Reviews

Poetry Review by Tanya Lester
Jessica Hiemstra-van der Horst's Apologetic for Joy

Jessica Hiemstra van-der Horst, Apologetic for Joy (Fredericton: Goose Lane, 2011). Paperbound, 117 pp., $17.95.Apologetic for Joy

Reading Apologetic for Joy was, for me, like peeling an orange on a hot day and greedily biting into its juicy flesh. Wanting more, I eagerly turned each page to delight in the next surprise.

Hiemstra-van der Horst is not a stranger to pain, nor insensitive toward the pain of others, but she cannot resist returning to a joyful place in her poetry. When the poet turns to writing about grievous experiences, it is understandable how the book got its title. Apologetic for Joy is presented in seven parts, inviting the reader in with freehand drawings by the poet (who is also a visual artist) at the beginning of each section, which frequently leads into a different country where she has visited or lived. Often it is as if the poet delights in random images tossed into her consciousness. In “Anatomy for the Artist (Standing Posture, Study I),” she writes “... an orange / rolling across the floor, the way you peeled / that artichoke, me, starting with my mouth.” In “Yes, Love” she toys with putting more order into her poetry: “When you’re asleep, I dream / a diagram, a and b and c.” She puts hair and a stray eyelash into the ”a” part, her lover’s foot in the ”b” section, and “how it is to sleep in the curves / of you” in the ”c.” It is appreciated that she does not force her poetry too tightly into structure.

Apologetic for Joy is a pleasure to read because the poetry remains as artfully loose as the drawings. Many of the poems are confessional. “I can’t believe / I told you I want to own you,” she writes in “Anatomy for the Artist (Light, Study III).” In “Georgia’s Recipes Somehow,” she admits to hiding Georgia’s Kitchen (probably in reference to Margaret Wood’s A Painter’s Kitchen: Recipes from the Kitchen of Georgia O’Keeffe) in her cupboard so she can satisfy her guilty pleasure of gazing at pictures of the famous artist’s apron and pantry door.

Much of Hiemstra-van der Horst’s poetry is spiked with humour and wit. In “We were both wrong, or maybe it’s a spelling mistake,” she writes of her discovery that the place buses stop to pick up passengers in a South African community is called a bus-rank; the joke being “is one bus better than another?” The poet displays a sombre side when death haunts her poems. In one, a South African friend phones to tell of her husband’s death. In “An Apologetic to Cockroaches from the Future,” partly about a boy the poet witnesses in his near-death experience from a spider’s bite, she writes “a child can vindicate us. He proves how close to holiness we are / when we are frightened.” This holiness seems to permeate poems like “Oma rode a bicycle for four years in a room of mattresses,” in which the poet is inspired to declare the “heart is where we store honey and purpose. It is / a house balanced on song and a bicycle, a place for bees to touch down / and make pleasure, or whatever / it is they do.” Mingling in the grief is the joy of celebrating Oma’s life. This wonderful concoction of holy grief and joy, peppered with humour, spills over into three poems, including a long one called “Excerpts from Gerald, God and the Chickens,” where the poet presents the reader with the way a schizophrenic thinks. From his point of view, “God slips in through the window, / but this Sunday he tells Gerald he’s weary of church. / The hymns are lovely, he says, but I’m tired / of sermons, crusades…It’s only the memory of love, he says, / there’s nothing left to believe. Isaiah made promises / I couldn’t keep, prayers reduced to words.”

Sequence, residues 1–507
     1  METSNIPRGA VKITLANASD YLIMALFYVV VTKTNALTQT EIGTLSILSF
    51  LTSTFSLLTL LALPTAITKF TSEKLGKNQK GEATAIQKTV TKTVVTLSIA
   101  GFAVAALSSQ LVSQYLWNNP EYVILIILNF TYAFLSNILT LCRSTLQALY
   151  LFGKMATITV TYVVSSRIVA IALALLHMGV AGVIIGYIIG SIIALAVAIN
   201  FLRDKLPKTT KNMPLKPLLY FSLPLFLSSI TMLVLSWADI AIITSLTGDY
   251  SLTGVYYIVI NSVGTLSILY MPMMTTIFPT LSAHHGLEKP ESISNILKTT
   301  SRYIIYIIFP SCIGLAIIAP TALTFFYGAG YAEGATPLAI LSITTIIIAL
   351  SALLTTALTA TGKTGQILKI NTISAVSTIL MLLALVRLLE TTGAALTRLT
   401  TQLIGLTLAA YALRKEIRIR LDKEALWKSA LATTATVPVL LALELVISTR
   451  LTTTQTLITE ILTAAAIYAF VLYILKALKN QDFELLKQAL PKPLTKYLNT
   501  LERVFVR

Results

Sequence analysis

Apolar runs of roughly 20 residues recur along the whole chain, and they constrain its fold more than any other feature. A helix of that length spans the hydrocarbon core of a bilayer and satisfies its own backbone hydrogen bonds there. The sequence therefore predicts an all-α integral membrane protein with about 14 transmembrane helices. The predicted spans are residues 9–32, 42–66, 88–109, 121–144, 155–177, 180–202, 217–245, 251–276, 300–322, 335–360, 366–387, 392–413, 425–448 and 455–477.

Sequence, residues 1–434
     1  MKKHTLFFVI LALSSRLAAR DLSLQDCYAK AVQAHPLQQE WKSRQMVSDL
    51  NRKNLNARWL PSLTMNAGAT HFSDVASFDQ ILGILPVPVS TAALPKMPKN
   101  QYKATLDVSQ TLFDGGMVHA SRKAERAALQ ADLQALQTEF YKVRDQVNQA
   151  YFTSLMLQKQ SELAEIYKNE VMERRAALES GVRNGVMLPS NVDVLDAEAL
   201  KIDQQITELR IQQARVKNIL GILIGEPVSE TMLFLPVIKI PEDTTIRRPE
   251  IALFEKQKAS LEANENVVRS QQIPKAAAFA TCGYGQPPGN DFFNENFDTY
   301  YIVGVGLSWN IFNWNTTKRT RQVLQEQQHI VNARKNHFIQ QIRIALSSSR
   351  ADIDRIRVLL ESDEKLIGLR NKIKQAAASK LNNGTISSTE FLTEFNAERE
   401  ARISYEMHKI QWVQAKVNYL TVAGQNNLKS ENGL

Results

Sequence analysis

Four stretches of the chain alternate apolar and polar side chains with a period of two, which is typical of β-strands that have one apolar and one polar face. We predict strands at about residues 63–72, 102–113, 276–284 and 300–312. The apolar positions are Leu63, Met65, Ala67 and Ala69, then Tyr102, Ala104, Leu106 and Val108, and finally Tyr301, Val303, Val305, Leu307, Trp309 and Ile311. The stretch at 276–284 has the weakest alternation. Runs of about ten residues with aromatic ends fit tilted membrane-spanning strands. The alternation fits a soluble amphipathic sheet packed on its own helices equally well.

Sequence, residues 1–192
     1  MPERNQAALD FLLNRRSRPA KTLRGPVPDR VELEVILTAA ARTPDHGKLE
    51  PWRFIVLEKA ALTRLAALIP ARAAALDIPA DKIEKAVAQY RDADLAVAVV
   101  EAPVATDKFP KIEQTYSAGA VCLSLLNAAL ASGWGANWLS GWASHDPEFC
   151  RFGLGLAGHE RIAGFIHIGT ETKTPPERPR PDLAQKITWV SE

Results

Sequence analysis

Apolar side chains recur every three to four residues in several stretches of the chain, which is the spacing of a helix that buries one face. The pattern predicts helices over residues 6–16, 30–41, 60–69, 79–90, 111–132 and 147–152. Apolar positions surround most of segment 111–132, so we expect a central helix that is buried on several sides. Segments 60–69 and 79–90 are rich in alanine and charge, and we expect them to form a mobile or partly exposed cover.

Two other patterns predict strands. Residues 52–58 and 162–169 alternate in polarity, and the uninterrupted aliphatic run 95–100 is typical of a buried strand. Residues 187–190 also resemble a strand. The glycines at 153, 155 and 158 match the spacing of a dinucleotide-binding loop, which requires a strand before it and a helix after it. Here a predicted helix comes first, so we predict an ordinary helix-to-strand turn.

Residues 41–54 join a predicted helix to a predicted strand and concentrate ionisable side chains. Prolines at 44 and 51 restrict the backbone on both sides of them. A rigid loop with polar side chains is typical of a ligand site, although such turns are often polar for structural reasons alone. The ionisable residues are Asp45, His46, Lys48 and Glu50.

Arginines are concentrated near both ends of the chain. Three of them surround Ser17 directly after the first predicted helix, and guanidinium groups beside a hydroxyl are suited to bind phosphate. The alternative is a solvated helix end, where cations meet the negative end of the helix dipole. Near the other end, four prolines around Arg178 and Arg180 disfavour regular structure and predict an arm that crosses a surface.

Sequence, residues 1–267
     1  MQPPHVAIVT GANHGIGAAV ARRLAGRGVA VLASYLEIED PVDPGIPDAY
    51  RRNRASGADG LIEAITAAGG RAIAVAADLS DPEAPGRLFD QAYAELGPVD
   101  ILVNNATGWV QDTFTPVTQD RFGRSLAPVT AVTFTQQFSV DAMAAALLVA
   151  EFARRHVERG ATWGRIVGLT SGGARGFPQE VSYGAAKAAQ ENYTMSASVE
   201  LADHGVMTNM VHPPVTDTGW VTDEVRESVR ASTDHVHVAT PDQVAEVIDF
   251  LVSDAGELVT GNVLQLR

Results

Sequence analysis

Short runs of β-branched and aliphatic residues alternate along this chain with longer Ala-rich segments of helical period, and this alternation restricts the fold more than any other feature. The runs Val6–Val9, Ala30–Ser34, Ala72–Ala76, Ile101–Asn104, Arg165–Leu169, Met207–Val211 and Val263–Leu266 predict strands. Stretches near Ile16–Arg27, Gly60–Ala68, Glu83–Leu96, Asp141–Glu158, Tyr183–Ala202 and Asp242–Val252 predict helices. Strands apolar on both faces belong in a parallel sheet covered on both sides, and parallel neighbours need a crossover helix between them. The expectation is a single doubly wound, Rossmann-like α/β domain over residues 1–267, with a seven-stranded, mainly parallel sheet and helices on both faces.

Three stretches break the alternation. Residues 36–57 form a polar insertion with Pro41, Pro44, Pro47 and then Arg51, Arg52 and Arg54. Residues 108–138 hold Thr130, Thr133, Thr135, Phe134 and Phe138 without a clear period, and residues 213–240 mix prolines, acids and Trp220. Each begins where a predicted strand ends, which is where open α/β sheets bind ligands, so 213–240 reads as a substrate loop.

Apologetic for Joy is a collection of poems on subjects most poets would never consider writing about, at least not in the tone and style that Hiemstra-van der Horst employs. It is literary and a page-turner at the same time.

—Tanya Lester

As in The Malahat Review, 178, Spring 2012, 88-91

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